Nested Formation of Calcium Carbonate Polymorphs in a Bacterial Surface Membrane with a Graded Nanoconfinement: An Evolutionary Strategy to Ensure Bacterial Survival

Research output: Contribution to journalResearch articleContributedpeer-review

Contributors

  • Paul Simon - , Max Planck Institute for Chemical Physics of Solids (Author)
  • Wolfgang Pompe - , Dresden University of Technology (Author)
  • Denise Gruner - , Dresden University of Technology (Author)
  • Elena Sturm - , Max Planck Institute for Chemical Physics of Solids (Author)
  • Kai Ostermann - , Environmental Monitoring and Endocrinology (Research Group) (Author)
  • Sabine Matys - , Helmholtz-Zentrum Dresden-Rossendorf (Author)
  • Manja Vogel - , Helmholtz-Zentrum Dresden-Rossendorf (Author)
  • Gerhard Roedel - (Author)

Abstract

It is the intention of this study to elucidate the nested formation of calcium carbonate polymorphs or polyamorphs in the different nanosized compartments. With these observations, it can be concluded how the bacteria can survive in a harsh environment with high calcium carbonate supersaturation. The mechanisms of calcium carbonate precipitation at the surface membrane and at the underlying cell wall membrane of the thermophilic soil bacterium Geobacillus stearothermophilus DSM 13240 have been revealed by high-resolution transmission electron microscopy and atomic force microscopy. In this Gram-positive bacterium, nanopores in the surface layer (S-layer) and in the supporting cell wall polymers are nucleation sites for metastable calcium carbonate polymorphs and polyamorphs. In order to observe the different metastable forms, various reaction times and a low reaction temperature (4 °C) have been chosen. Calcium carbonate polymorphs nucleate in the confinement of nanosized pores (3-5 nm) of the S-layer. The hydrous crystalline calcium carbonate (ikaite) is formed initially with [110] as the favored growth direction. It transforms into the anhydrous metastable vaterite by a solid-state transition. In a following reaction step, calcite is precipitated, caused by dissolution of vaterite in the aqueous solution. In the larger pores of the cell wall (20-50 nm), hydrated amorphous calcium carbonate is grown, which transforms into metastable monohydrocalcite, aragonite, or calcite. Due to the sequence of reaction steps via various metastable phases, the bacteria gain time for chipping the partially mineralized S-layer, and forming a fresh S-layer (characteristic growth time about 20 min). Thus, the bacteria can survive in solutions with high calcium carbonate supersaturation under the conditions of forced biomineralization.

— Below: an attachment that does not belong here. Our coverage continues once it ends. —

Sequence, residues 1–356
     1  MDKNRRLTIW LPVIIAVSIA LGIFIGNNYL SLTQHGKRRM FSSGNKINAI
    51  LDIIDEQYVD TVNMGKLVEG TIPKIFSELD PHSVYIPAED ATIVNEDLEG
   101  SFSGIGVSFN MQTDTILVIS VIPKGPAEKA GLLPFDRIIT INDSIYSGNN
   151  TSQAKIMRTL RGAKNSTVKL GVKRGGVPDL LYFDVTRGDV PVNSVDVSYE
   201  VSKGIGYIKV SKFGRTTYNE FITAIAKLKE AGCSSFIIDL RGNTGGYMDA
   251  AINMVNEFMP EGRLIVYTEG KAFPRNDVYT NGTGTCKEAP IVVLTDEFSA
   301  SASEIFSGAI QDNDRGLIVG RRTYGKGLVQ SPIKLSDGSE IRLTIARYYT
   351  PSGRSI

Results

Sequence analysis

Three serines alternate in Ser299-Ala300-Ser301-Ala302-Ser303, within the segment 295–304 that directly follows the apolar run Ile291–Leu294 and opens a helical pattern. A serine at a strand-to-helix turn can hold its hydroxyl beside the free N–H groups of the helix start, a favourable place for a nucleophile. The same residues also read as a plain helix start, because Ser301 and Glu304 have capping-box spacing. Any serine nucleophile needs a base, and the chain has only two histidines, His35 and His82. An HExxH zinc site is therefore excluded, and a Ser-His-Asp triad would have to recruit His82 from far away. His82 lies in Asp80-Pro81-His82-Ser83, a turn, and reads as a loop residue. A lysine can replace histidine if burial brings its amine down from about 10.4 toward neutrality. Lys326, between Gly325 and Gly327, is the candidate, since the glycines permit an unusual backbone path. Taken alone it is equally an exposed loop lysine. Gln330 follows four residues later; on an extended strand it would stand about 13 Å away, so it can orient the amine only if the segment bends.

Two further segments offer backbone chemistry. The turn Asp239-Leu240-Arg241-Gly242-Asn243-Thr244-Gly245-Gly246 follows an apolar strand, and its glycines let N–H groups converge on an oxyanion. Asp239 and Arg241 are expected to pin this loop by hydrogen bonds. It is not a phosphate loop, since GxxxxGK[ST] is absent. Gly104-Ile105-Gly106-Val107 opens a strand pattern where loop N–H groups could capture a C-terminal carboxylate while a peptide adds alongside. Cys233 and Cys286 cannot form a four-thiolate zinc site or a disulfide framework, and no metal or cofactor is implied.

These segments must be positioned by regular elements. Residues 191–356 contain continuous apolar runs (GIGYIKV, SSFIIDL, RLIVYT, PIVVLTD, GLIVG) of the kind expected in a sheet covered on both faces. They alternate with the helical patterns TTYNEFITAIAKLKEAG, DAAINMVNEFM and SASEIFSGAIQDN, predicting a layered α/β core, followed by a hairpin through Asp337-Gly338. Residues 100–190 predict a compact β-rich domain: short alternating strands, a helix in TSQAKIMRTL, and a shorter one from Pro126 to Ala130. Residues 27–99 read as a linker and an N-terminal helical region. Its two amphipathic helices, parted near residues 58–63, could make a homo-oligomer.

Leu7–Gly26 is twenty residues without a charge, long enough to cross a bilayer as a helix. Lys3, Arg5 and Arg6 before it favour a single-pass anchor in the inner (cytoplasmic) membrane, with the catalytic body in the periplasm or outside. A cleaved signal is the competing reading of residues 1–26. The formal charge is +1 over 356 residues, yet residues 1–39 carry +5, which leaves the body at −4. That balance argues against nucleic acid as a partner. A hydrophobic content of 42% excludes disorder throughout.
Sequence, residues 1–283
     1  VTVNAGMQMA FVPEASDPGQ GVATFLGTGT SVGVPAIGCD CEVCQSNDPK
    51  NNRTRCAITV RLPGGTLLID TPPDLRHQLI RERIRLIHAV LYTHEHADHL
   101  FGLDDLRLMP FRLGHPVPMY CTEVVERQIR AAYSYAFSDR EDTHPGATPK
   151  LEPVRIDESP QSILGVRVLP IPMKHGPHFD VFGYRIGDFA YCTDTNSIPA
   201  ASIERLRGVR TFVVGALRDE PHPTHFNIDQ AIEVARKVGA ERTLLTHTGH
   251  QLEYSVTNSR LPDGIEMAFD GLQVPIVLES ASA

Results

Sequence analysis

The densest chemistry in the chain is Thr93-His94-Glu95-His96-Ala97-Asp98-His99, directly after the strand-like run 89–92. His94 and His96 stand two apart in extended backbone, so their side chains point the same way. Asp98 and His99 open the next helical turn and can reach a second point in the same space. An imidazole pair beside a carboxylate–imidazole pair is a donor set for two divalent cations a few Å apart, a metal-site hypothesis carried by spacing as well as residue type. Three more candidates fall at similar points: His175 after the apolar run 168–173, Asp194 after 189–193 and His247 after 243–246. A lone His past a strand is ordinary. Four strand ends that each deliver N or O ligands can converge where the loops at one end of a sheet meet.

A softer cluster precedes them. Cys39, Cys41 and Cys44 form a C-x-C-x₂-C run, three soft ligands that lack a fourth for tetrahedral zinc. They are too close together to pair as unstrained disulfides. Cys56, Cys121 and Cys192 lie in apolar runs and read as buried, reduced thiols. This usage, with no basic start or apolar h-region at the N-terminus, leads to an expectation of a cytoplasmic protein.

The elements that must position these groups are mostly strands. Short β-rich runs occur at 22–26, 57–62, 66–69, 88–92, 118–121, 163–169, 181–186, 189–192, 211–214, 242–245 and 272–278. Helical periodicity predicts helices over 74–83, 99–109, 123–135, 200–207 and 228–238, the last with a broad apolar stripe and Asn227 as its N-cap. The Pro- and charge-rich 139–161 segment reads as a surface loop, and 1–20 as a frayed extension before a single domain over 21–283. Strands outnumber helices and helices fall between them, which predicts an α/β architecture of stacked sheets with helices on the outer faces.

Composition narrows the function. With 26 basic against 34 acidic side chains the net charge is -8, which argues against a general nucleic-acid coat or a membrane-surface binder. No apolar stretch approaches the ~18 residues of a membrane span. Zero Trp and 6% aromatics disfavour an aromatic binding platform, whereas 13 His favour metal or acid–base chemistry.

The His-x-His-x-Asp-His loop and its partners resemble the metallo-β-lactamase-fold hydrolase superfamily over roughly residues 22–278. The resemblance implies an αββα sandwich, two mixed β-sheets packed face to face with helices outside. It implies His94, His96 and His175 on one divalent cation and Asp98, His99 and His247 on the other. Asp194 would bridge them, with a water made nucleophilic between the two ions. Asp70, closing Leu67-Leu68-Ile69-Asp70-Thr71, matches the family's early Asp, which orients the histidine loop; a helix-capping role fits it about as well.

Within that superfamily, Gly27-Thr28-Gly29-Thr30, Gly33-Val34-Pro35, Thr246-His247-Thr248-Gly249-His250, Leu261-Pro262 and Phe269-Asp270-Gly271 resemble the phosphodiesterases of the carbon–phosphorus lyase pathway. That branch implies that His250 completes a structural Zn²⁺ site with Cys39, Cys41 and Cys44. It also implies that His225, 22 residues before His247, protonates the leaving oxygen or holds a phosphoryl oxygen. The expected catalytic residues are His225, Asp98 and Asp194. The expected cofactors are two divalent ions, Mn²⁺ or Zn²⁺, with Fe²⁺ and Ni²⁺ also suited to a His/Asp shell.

Details

Original languageEnglish
Pages (from-to)526-539
Number of pages14
JournalACS biomaterials science & engineering
Volume8
Issue number2
Early online date7 Jan 2022
Publication statusPublished - 14 Feb 2022
Peer-reviewedYes

External IDs

Scopus 85123916142
PubMed 34995442
Mendeley 701d1937-7933-34d9-9c45-8e2eefd23975
unpaywall 10.1021/acsbiomaterials.1c01280

Keywords

ASJC Scopus subject areas

Keywords

  • S-layer, peptidoglycan layer, nanostructures, calcium carbonate, forced biomineralization, HR-TEM, GRAM-POSITIVE BACTERIA, CELL-WALL POLYMERS, S-LAYER, X-RAY, CRYSTAL-STRUCTURE, TRANSFORMATION, VATERITE, CRYSTALLIZATION, IKAITE, CACO3, Water, Calcium Carbonate/chemistry, Bacteria